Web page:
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Author Topic: Let's Talk About Death  (Read 215 times)

Morbid

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Let's Talk About Death
« on: August 10, 2017, 02:22:12 am »
So in case you don't know, I'm a Mortician here in N. Carolina.  I'm not your average Mortician, I believe in having a positive attitude about death.  So I want to talk about death.  Let's clear the air, get read of the dust on the Book of Souls.  The following is a talk I'm giving soon at a local university, figured I'd share here, as well. 

"Death" is a five letter word that can strike any number of emotions into the hearts of anyone who hears the word.  But why?  Is it such a terrible thing that we must eventually face our own morality?  Well, yes, for many that's exactly the case.  I believe that death isn't something we should be afraid of.  It's something we should be prepared for, sure, but not afraid of.  I'm fond of the following definition: death is not the end of life, but simply the next phase in the cycle.  Or as Mister Twain put it "I do not fear death.  I had been dead for billions and billions of years before I was born, and had not suffered the slightest inconvenience from it." 

But why do humans fear this natural occurrence so much?  Death is exactly that, a natural occurrence in the World.  After all, every living being that has ever been could not possibly continue to live for eternity on Earth.  It would be simple chaos and overrun.  There would be no where for even an ant to stand.  Could you imagine if all the ants that have ever lived on Earth continued to live?  It's a huge number.  6.e+26, to be exact.  That's a six with twenty-six zeros behind it.  What about humans?  With roughly seven billion humans on the planet right now, we're nearly maxing out our resources.  What if there were roughly a hundred and seven billion?  It'd be extremely crowded.  Humans have this fear of their own mortality.  It's a hard thing for humans to deal with.  Often times, we live in this bubble, thinking that we can somehow declare ourselves off limits to death.  Often enough, we're faced with the harsh reality of death without warning.  Without preparation of any sort.  Perhaps it's a grandparent, or a parent, or a sibling, or a friend.  Either way, it has a bad habit of slapping us in the face with a bunch of emotions we weren't prepared to deal with.  The truth is, we need death.  We need that part of the cycle, because if we didn't have death, well, it'd be quite crowded on Earth.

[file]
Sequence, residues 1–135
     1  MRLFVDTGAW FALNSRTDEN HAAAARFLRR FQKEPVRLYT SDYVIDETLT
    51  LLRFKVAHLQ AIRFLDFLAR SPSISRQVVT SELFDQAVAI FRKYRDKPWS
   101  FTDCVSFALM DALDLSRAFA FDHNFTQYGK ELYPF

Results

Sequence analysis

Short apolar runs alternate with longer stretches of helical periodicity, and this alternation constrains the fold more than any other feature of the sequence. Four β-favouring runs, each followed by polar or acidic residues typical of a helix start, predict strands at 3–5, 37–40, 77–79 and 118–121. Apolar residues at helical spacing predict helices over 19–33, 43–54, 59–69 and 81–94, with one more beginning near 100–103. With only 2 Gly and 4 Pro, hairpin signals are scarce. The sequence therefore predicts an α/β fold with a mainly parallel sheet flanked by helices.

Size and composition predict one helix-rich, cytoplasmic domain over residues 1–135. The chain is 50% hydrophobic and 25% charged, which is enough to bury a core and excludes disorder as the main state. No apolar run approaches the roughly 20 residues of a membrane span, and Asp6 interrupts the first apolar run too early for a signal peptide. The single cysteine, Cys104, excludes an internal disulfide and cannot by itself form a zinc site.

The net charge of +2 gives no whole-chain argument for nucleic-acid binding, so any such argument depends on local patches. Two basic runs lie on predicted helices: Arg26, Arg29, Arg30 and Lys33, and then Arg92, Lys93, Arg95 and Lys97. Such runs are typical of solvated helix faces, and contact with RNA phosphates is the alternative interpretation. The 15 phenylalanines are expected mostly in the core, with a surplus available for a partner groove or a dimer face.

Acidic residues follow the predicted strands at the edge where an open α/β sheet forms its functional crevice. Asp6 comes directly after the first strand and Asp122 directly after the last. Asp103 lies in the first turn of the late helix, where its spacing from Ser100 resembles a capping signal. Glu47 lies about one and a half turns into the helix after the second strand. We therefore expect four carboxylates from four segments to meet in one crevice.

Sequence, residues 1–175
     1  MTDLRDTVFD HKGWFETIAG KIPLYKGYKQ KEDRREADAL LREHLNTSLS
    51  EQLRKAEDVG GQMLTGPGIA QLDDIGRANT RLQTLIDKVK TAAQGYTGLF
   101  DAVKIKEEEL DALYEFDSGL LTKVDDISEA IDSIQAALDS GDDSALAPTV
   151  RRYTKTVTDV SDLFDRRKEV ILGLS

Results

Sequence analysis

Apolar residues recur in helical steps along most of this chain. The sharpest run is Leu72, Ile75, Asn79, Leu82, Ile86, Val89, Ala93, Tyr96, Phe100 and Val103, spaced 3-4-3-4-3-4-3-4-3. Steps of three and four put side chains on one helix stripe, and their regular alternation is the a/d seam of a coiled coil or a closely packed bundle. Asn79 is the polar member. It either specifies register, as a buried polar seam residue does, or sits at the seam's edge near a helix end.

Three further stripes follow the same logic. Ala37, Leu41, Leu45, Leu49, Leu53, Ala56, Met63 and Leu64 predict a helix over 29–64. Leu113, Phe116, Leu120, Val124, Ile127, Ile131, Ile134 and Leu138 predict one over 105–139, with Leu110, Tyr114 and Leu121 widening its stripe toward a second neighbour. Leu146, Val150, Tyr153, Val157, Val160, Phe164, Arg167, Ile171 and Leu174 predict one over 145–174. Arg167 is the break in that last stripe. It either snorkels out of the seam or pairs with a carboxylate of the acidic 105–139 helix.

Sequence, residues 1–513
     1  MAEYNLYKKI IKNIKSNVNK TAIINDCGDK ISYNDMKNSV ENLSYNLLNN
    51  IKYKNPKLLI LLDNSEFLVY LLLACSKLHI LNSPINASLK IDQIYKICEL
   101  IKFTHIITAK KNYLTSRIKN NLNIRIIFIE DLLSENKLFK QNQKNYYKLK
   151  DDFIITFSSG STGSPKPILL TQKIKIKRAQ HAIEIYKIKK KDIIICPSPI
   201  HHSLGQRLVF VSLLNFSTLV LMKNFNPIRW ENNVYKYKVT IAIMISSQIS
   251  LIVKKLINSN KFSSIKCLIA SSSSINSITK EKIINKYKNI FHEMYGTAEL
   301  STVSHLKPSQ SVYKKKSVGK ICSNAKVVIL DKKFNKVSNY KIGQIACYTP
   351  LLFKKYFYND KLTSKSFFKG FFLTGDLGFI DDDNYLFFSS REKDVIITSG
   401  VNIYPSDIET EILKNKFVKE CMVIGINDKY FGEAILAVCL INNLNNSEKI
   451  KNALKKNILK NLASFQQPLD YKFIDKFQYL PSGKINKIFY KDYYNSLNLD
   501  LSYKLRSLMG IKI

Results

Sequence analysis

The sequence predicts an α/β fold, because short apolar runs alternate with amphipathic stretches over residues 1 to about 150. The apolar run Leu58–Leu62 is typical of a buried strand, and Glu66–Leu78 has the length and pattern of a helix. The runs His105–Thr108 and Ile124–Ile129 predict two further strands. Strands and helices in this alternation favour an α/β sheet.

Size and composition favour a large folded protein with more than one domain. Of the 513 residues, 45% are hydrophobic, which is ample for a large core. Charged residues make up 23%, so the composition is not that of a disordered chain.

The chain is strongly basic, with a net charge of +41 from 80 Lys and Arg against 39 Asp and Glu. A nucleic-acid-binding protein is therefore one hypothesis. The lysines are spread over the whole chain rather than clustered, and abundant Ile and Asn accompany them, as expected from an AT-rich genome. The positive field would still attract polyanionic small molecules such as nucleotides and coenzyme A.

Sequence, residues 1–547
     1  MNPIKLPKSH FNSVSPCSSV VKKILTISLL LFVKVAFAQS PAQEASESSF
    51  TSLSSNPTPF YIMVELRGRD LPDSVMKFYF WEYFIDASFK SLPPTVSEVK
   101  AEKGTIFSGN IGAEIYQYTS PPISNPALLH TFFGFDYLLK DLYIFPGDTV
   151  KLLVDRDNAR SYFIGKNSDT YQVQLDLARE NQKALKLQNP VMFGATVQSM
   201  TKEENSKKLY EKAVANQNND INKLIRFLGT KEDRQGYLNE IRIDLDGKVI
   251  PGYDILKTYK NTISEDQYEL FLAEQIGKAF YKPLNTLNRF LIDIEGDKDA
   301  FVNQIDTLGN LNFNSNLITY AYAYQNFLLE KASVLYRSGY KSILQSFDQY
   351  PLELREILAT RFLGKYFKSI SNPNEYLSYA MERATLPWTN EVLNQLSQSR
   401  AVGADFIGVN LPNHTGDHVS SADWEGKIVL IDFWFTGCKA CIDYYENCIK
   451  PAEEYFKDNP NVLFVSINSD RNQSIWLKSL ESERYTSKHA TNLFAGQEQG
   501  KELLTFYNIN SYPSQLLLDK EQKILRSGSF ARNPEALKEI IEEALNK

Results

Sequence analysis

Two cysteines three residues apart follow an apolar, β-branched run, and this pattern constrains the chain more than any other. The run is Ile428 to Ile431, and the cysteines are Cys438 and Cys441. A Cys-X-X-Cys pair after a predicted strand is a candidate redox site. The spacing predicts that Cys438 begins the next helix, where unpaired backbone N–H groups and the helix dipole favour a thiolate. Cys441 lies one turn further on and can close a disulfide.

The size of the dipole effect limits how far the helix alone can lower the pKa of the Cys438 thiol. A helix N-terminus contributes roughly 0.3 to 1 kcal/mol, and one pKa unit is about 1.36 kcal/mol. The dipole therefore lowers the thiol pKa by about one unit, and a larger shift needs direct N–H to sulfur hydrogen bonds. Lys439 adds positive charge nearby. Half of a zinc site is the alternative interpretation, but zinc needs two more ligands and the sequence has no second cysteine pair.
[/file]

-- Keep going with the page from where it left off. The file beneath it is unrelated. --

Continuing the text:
If we can't fix death, then what can we do?  Well for one, we can be prepared for our own death, for our parents, even our siblings.  We can sit down and discuss with our loved ones a complicated and hard to have conversation: what to do when they die.  You can even make a death plan for yourself, by outlining exactly what you want done with your remains and what you want for a ceremony.  You can put it in a notebook, or a binder, or just a simple letter in an envelope.  Then give it to four or five close relatives, friends, spouse, etc.  You're probably wondering why on Earth would I even want to do this.  The answer to that is simple: closure.  Doing this helps your friends, family, spouse when you're gone.  It gives them a set of instructions so that they're not scrambling trying to figure out what to do about your death.  I see it everyday - husband passes away suddenly, wife has no idea what to do and stresses over it.  And possibly more important, it helps you accept your own mortality.  It helps you to provide a closure to yourself over your own death.